Gravel Culture: Just where did my back wheel go?
Gravel Union On
31 August 2021
Nikki Stanley lives and rides in Western Australia and spends at least some of her time riding on the gravel equivalent of magnetic ball bearings. We asked her to tell us about this unique riding environment.
Welcome to the land of pea gravel! I’m told by a geologist mate that we have lateritic soils. These little volcanic ball bearings help give that wonderful skittish, squirrely feeling that makes you laugh nervously, or leaves you lying on your side wondering where your back wheel went. The soils are iron rich. I hadn’t realised there was a magnet in my helmet though.
From peas to grapefruit size rocks and bedrock slabs thrown in for good measure, we have an “interesting” mix of trail surfaces for our gravel rides. And just in case you think that’s it for Mother Nature’s gift to gravel riders here, we also have a litany of gumnuts – hard spherical seeds of the Eucalyptus tree, just lying there, waiting to roll your wheel out from under you as you trundle past.
Little native bundles of joy found in the gravel
As with many bits of the world at the minute, local riding is king for now, so let’s go. Riding on the land of our Noongar First Nations people of the southwest of Western Australia, you will discover vast and different landscapes and some impressively large-scale art thrown in for good measure!
Collie Dam Mural by Guido Van Helten 2021
We are spoiled for choice when it comes to where to ride. There are gravel trails and roads all over the Perth hills, with short blasts and pub/café stops and links to the country towns. Locally groomed old-school XC MTB trails also crisscross the area. We’ve got a pretty decent endurance gravel ride scene - there’s lots of local riders joining up the gravel farm roads to produce endurance distance (200-400km) routes.
When you’re out riding, there’s plenty of interesting fauna to keep you entertained. You’ll often spot blue-tongue skink (known as ‘bob’ to the locals) and always plenty of kangaroos. Emus dart across the trails further south and there’s no shortage of birds and small marsupials. Snakes, ye, we have them here too. Just leave them alone and they’ll leave you alone. There is a long-standing urban myth of a snake making its way up your fork or cranks whilst moving, but there are no case reports! Having said that, I do carry a snake bandage just in case….
We are lucky in Western Australia (WA) that we have one of the longest off-road routes in the world, the Munda Biddi. Munda Biddi means ‘path through the forest’ in the indigenous Noongar language and is 1051km long. It can be traversed in either direction - seasonal conditions often decide. It can be done in bits, raced, ambled or ridden as part of larger epics (Race to the Rock) and it’s often done with kids in tow. You’ll get everything from bare bones set-ups, to fully loaded. The Munda Biddi ultra riders have done it as fast as 2 days 17 hours 22 minutes. Riders can use trailside huts, tents or call into local town to find pubs with accommodation.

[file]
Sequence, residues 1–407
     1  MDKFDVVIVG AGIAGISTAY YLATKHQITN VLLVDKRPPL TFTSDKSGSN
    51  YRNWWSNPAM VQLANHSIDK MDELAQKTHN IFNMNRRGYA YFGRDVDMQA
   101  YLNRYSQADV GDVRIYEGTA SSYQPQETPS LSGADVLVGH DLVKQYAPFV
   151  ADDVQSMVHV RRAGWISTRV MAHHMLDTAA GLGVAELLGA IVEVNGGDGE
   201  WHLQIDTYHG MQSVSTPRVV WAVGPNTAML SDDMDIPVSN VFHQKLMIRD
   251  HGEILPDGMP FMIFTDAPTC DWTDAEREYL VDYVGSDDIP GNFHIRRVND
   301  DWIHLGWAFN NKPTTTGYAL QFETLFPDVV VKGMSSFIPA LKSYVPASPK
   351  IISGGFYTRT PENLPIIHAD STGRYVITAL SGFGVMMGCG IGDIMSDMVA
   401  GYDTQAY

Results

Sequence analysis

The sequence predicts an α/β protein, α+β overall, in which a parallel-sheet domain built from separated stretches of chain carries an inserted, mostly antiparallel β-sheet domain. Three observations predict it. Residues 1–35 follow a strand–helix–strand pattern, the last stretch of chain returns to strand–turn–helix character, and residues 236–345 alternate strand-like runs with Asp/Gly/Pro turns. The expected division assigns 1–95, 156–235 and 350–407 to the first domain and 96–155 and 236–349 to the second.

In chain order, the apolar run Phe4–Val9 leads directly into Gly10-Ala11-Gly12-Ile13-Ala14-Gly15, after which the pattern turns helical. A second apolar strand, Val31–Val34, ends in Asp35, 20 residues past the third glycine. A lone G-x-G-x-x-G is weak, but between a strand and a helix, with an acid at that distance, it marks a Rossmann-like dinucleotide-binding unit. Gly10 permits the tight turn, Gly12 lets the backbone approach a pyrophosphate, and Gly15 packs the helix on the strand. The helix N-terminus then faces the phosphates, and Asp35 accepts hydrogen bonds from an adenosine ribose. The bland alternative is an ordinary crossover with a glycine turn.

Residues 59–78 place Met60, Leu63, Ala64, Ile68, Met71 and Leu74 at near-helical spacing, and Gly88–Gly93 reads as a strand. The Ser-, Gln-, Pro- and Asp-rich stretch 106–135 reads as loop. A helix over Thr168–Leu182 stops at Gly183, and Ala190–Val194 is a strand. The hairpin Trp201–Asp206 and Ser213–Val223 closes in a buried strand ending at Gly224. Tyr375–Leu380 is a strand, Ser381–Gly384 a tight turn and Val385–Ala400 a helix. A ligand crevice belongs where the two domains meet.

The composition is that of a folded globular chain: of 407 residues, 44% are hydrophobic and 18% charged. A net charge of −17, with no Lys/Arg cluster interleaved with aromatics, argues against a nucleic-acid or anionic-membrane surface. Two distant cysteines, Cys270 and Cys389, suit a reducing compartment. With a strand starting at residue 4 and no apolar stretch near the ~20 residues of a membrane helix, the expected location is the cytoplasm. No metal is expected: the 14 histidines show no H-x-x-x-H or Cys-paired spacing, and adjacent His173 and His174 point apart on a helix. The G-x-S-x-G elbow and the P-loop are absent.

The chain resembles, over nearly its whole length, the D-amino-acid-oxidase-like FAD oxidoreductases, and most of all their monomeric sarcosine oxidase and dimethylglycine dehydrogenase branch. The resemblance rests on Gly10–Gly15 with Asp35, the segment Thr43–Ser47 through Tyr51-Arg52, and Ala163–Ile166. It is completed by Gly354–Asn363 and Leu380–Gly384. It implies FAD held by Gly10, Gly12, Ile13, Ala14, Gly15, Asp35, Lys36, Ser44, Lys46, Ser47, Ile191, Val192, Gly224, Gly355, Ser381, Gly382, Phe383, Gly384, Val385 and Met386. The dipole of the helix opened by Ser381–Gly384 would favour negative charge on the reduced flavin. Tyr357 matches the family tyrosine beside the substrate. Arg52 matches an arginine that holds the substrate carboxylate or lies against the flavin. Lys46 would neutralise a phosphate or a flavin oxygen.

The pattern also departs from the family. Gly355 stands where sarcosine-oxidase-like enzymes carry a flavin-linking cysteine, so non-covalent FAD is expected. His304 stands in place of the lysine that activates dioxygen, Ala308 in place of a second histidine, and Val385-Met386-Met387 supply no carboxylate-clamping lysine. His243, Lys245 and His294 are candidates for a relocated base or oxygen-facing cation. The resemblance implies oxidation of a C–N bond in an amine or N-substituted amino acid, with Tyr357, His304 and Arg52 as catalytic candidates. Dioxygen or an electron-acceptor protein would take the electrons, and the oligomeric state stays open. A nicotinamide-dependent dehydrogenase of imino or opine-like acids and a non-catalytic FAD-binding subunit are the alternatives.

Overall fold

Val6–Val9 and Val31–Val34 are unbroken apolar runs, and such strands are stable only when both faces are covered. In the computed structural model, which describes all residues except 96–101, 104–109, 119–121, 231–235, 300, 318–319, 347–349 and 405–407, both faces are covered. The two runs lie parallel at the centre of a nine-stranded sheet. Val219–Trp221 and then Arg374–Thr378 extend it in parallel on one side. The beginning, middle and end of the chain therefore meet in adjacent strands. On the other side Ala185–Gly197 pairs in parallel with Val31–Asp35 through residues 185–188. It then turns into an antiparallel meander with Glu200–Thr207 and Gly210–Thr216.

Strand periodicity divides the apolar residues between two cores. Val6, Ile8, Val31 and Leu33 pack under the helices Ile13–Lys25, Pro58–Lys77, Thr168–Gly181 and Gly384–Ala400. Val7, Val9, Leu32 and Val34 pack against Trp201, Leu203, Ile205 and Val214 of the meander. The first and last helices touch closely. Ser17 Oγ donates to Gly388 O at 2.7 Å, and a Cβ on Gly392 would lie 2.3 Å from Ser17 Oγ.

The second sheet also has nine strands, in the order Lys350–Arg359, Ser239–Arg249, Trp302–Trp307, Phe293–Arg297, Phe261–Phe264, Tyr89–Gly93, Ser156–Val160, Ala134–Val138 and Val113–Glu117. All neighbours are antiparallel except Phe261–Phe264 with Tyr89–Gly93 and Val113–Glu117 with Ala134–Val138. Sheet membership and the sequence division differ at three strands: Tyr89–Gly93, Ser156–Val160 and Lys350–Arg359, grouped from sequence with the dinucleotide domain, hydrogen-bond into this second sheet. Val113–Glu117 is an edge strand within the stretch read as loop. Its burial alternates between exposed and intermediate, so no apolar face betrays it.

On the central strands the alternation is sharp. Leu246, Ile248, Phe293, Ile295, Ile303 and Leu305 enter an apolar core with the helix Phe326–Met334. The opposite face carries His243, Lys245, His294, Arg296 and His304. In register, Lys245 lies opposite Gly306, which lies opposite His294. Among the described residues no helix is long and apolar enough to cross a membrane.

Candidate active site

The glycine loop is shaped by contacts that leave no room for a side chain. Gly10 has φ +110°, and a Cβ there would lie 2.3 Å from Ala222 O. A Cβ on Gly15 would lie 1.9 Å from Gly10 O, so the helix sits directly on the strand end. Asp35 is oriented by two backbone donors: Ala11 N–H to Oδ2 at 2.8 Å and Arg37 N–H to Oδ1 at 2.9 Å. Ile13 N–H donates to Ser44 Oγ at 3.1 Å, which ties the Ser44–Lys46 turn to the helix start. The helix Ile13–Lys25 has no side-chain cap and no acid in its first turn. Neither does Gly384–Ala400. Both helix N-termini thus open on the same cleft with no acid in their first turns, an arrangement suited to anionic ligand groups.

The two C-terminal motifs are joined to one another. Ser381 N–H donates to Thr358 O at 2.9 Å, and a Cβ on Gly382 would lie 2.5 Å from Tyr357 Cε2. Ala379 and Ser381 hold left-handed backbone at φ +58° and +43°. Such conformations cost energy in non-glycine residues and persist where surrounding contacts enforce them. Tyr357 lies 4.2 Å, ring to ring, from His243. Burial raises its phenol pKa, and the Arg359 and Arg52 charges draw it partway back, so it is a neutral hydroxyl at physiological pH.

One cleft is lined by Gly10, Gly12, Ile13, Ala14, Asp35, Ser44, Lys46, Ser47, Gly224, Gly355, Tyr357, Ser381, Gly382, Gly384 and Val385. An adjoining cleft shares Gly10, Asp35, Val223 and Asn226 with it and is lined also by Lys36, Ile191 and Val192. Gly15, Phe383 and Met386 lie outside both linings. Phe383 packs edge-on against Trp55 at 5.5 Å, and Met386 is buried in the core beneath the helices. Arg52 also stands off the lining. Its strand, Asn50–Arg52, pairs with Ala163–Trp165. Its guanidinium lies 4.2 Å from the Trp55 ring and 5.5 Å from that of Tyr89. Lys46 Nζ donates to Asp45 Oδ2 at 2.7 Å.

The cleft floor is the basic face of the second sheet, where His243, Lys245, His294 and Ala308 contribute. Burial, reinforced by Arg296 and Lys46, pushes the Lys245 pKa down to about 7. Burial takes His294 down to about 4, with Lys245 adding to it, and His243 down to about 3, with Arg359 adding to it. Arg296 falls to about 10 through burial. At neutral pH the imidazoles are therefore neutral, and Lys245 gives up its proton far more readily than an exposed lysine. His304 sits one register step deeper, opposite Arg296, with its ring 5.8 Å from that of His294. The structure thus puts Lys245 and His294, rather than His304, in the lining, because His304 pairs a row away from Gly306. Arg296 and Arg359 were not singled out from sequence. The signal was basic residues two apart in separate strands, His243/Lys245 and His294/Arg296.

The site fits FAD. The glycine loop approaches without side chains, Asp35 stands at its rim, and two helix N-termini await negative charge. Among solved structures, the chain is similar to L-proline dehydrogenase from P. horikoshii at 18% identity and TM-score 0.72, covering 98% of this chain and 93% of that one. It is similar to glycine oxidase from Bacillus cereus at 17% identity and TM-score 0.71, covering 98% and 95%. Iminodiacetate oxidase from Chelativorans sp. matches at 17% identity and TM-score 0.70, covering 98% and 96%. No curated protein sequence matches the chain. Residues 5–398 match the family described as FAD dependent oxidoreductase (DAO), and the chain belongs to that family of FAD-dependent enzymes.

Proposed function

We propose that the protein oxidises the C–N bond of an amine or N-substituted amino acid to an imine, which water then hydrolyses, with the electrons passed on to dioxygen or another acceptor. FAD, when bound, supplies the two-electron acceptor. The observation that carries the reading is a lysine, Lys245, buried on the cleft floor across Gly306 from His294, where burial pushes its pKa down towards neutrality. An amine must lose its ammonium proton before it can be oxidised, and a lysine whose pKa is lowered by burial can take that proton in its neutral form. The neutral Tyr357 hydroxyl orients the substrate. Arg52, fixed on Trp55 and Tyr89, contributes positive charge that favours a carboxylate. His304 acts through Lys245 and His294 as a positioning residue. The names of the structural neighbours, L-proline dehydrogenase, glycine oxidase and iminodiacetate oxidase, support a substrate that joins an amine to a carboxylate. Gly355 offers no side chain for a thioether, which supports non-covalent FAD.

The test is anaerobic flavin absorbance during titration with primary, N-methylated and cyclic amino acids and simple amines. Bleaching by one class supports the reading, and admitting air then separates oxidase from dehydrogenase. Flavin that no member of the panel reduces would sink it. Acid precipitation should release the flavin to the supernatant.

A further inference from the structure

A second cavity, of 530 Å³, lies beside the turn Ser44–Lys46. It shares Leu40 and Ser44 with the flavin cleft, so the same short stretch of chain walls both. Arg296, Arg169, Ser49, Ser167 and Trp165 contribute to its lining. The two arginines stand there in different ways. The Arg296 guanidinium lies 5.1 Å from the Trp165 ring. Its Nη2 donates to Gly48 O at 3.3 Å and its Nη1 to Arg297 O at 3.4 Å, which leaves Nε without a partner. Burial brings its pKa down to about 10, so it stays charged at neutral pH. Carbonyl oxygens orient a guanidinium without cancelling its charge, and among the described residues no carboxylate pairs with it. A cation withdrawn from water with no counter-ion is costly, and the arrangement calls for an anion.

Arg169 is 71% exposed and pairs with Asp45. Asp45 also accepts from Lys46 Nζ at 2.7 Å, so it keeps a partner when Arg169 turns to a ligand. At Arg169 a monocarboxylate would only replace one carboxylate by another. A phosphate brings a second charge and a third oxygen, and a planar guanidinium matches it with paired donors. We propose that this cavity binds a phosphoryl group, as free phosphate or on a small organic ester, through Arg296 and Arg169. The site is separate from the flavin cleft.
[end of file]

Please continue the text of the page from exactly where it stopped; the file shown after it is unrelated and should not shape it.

Both MTB and gravel bikes are often used. The trail ranges from hike-a-bike through some of the river valleys to fast, if not slightly loose, gravel sections. Up and down rough vehicle tracks and forest routes are punctuated with bits of singletrack. The occasional sharp turn at the bottom of a rutted descent is great for testing your brakes out. There is often a sandy base to the trail as you head towards the Perth end, which can making descents a bit slippery, especially as it dries out. Summer is hot and dry here – 35/40 degrees is common, so Autumn & Spring tend to be the best seasons.
As you move further south, the jarrah forests deepen and compacted red dirt trails become more common. Their high clay content means they can be muddy once winter starts to appear. Whenever you get closer to the coastline in WA, you will see the more coastal grey/white sand and native scrub. The gravel becomes lighter in nature and that back wheel might feel a little more squirrelly.
For anyone keen on gravel racing, we don’t yet have a multi-day gravel event in WA, but there are some popping up in each state as the time progresses. Grinduro is still a possibility in Falls Creek, Victoria in December 2021, but we’re still unsure about what will happen with our interstate borders.
Photo courtesy of Patrick Boere Photography
The Seven Gravel Race is a single day event out of the small town of Nannup, in the mid-southwest. It has slowly been growing in attendance from a few hundred to over a thousand riders this year. It hosts three distances from 50-125km with the longer distance having 3400m of climbing and 10 climbs. Much like many gravel events, the crowd laps up the atmosphere at the start, but then the hardcore racers and the rest of us soon split up. The route takes the racers through a mix of local farmland, gravel tracks and forestry tracks and even uses sections of the Munda Biddi close to town. Long, gravel doubletrack climbs mince everyone’s legs, but luckily the aid points have much needed water and extra snacks. A few riders new to gravel describe the sometimes-sketchy fast descents and cattle grids nervously with a hint of laughter. Type 2 fun maybe. The climbs are, for sure! Many smiles are created, and food and beverages consumed afterwards.
Wherever your local ribbons of dirt and gravel are, may they bring you joy. Until we see you for a beer at the beach.
PS - For any gravel riders considering coming to WA, I highly recommend these folks for all your bike shop needs. They’re the most knowledgeable bunch on bikepacking & the Munda Biddi trail and specialise in all the gear.